In the summer of 2006, the Toronto Maple Leafs decided not to pick up a contract option on 41-year-old Ed Belfour. Totaling three seasons as resident netminder in Toronto, Belfour spent much of his final season in Toronto hampered by a balky back. He was limited to 49 games in 2005-2006 and a substandard .892 save percentage. GM-at-the-time John Ferguson Jr. probably made the right call moving on from Belfour (though Belfour would bounceback somewhat in his one and only season with the Florida Panthers before retiring) – where Ferguson and the Maple Leafs erred was in choosing Belfour’s successor.
Looking ahead, the Maple Leafs had two goalie prospects to dream on: Tuukka Rask and Justin Pogge. Unfortunately, neither Rask, 19, nor Pogge, 20, were ready to step between the pipes. Thus, Ferguson Jr. moved to deal from a position of future depth to secure a near-term solution. Toronto traded Rask to the Boston Bruins in a straight-up swap for 26-year-old goaltender Andrew Raycroft.
On its face, the deal made some sense for both sides: Rask had been a recent first-round pick, #21 overall of the 2005 NHL Entry Draft, while Raycroft came to Toronto decorated as the 2003-2004 Calder Trophy winner as the league’s top rookie. The Bruins were run at the time by interim General Manager Jeff Gorton (now the GM of the New York Rangers), who said this of the deal: “We had an opportunity, with three good, solid goaltenders who are all number one goalies in the NHL, and they couldn’t all play for us. Andrew had some value and we were able to move him for a player we really like, who is along the lines of Hannu Toivonen.”
Of course, Toivonen would be traded to St. Louis the following season for Carl Soderberg. He’d start 17 games for the Blues in 2007-2008 and never again appear in the NHL. So while the comparison wasn’t as apt as Gorton intended, his point was clear. Nevermind that it’s a little curious for Gorton to trade for a player in Rask whom he would describe as being, essentially, “similar to the other guy we already have,” so it’s possible Gorton knew more about the organization’s future intentions than he let on at the time.
More to the point, perhaps, was that the Bruins had made their choice about their starting goalie. A month before the Rask/Raycroft swap, Boston extended Tim Thomas with a three-year deal. The late-blossoming Thomas was primed to take over after 38 games and 2.77 GAA in 2005-2006.
Thomas was the Bruins’ chosen goalie moving forward, and he would take the heft of the timeshare as Rask came of age through the 2011-2012 season. Thomas was a four-time All-Star and two-time Vezina Trophy winner, including in 2011, when he took two-thirds of the timeshare en route to a Stanley Cup. Rask played a key role in getting that Bruins team through the regular season, but it was Thomas who steered the ship to the Cup. He took home the Conny Smythe Trophy as the oldest player ever to win the playoff MVP award. Unfortunately, his political views became a distraction in the following seasons – but Gorton’s trade with the Maple Leafs in the summer of 2006 provided Thomas’ heir apparent.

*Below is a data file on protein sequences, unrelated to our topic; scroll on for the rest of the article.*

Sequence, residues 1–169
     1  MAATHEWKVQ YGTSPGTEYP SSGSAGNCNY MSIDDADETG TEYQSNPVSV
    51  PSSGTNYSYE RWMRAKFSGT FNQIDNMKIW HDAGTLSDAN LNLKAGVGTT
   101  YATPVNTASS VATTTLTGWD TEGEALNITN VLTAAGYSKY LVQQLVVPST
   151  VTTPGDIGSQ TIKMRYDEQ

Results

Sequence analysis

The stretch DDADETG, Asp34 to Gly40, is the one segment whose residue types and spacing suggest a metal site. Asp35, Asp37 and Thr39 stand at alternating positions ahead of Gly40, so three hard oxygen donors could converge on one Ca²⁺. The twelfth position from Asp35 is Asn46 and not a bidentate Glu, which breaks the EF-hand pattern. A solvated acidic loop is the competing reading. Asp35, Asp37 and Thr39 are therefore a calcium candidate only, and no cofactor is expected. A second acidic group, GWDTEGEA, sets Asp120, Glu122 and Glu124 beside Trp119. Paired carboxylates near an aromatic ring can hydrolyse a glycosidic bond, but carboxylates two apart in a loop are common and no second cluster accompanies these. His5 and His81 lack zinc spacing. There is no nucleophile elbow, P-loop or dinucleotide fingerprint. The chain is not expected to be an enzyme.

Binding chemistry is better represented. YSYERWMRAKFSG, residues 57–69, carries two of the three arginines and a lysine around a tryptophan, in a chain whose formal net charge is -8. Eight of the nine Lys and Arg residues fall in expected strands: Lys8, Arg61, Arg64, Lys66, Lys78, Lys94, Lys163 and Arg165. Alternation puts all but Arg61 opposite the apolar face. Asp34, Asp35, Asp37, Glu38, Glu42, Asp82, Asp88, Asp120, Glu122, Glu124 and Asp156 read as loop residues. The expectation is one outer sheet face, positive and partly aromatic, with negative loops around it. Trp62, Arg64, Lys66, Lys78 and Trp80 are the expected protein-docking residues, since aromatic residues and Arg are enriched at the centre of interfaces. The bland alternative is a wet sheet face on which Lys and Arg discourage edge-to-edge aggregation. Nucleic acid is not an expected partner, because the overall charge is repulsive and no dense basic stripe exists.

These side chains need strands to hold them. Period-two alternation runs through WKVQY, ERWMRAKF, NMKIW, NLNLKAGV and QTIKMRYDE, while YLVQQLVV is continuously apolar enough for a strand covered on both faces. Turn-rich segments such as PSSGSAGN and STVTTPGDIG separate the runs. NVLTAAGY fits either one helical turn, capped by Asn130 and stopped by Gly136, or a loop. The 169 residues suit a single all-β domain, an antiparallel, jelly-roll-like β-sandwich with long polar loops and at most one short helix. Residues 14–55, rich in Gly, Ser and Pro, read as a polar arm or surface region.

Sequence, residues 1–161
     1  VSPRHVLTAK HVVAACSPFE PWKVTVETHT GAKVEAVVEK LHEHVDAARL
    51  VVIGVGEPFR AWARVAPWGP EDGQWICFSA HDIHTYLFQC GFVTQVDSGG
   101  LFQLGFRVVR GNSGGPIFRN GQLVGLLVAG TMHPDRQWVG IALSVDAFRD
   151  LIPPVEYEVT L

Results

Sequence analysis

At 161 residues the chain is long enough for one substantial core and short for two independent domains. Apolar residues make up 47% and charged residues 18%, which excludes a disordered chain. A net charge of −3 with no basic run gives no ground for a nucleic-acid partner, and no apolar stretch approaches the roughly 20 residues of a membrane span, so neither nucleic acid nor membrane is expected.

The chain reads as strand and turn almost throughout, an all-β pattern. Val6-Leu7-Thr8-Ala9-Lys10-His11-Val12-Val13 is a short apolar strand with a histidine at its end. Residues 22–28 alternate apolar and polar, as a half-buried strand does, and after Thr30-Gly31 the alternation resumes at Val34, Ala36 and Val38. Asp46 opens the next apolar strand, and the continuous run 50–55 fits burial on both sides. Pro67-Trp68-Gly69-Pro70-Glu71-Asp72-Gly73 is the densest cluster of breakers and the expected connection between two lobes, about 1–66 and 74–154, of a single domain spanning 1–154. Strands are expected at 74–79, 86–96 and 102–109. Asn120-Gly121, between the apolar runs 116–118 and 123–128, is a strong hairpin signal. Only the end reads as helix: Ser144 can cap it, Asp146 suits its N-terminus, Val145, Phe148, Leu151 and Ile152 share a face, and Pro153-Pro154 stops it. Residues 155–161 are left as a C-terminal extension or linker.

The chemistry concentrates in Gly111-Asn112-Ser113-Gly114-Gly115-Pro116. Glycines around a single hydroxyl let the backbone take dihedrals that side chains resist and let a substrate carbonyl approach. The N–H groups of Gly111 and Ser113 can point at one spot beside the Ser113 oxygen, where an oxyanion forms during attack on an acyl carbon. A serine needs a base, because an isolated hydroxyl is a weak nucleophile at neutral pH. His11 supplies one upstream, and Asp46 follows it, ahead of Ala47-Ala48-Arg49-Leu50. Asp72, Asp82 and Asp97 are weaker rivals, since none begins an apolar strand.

Rask took over as the primary goalie in 2013-2014, leading the league in shutouts and winning the Vezina Trophy. He’s been one of the top goaltenders in the league ever since. Fourteen years later, Rask and Jaroslav Halak will share the Jennings Trophy this year, combining to allow just 2.24 GAA for the Presidents’ Trophy-winning Bruins. Rask has been a huge part of the Bruins’ success over the years in keeping Boston competitive. He put up a .934 save percentage in the postseason last year, helping the Bruins to the Stanley Cup Final. Rask has twice gotten the Bruins to the Stanley Cup since taking over as the primary goaltender, losing to the Blackhawks in 2013 and the Blues in 2019.
Back in Toronto, it’s been a long and winding road to current netminder Frederik Andersen. Andersen has settled in for Toronto, making his first all-star team in 2019-2020, his fourth season in Toronto. But even Andersen came at a cost: a 1st and 2nd round pick to Anaheim in the summer of 2016.
Raycroft, meanwhile, served up a league-high 205 goals in the 2006-2007 season for the Maple Leafs. His numbers would only get worse the year after, 3.92 GAA and a .876 save percentage. He left Toronto after a season and a half with a .890 save percentage and a 39-34-14 record. Pogge never developed to take the throne either. Six starts during the 2007-2008 season make up the entirety of his NHL career. He’d bounce around the AHL for a couple of seasons but never make it back to the NHL.
In the interim between Belfour and Andersen, the Leafs cycled through a number of unspectacular puck-stoppers: Jonas Gustavsson, Raycroft, Jean-Sebastien Giguere, Vesa Toskala, Garret Sparks, and Ben Scrivens each took a turn, but James Reimer and Jonathan Bernier had the most successful runs. Bernier made 140 mostly forgettable starts with a .915 save percentage from 2013 to 2016, and Reimer – who helped end Toronto’s playoff drought in 2012-2013 – took his office hours in the Toronto net for 196 starts and a .914 save percentage from 2011 to 2016.
But none quite rises to the level of Rask, who has stabilized the Boston goal for an entire era of Bruins’ hockey. For the Bruins, dealing for Rask was one of their better deals of the last twenty years. For the Maple Leafs, they’d probably like to have this one back.
That said, John Ferguson Jr., the GM who made the deal for Toronto, has probably made his peace with the deal: he’s currently the Executive Director of Player Personnel for – you guessed it – the Boston Bruins.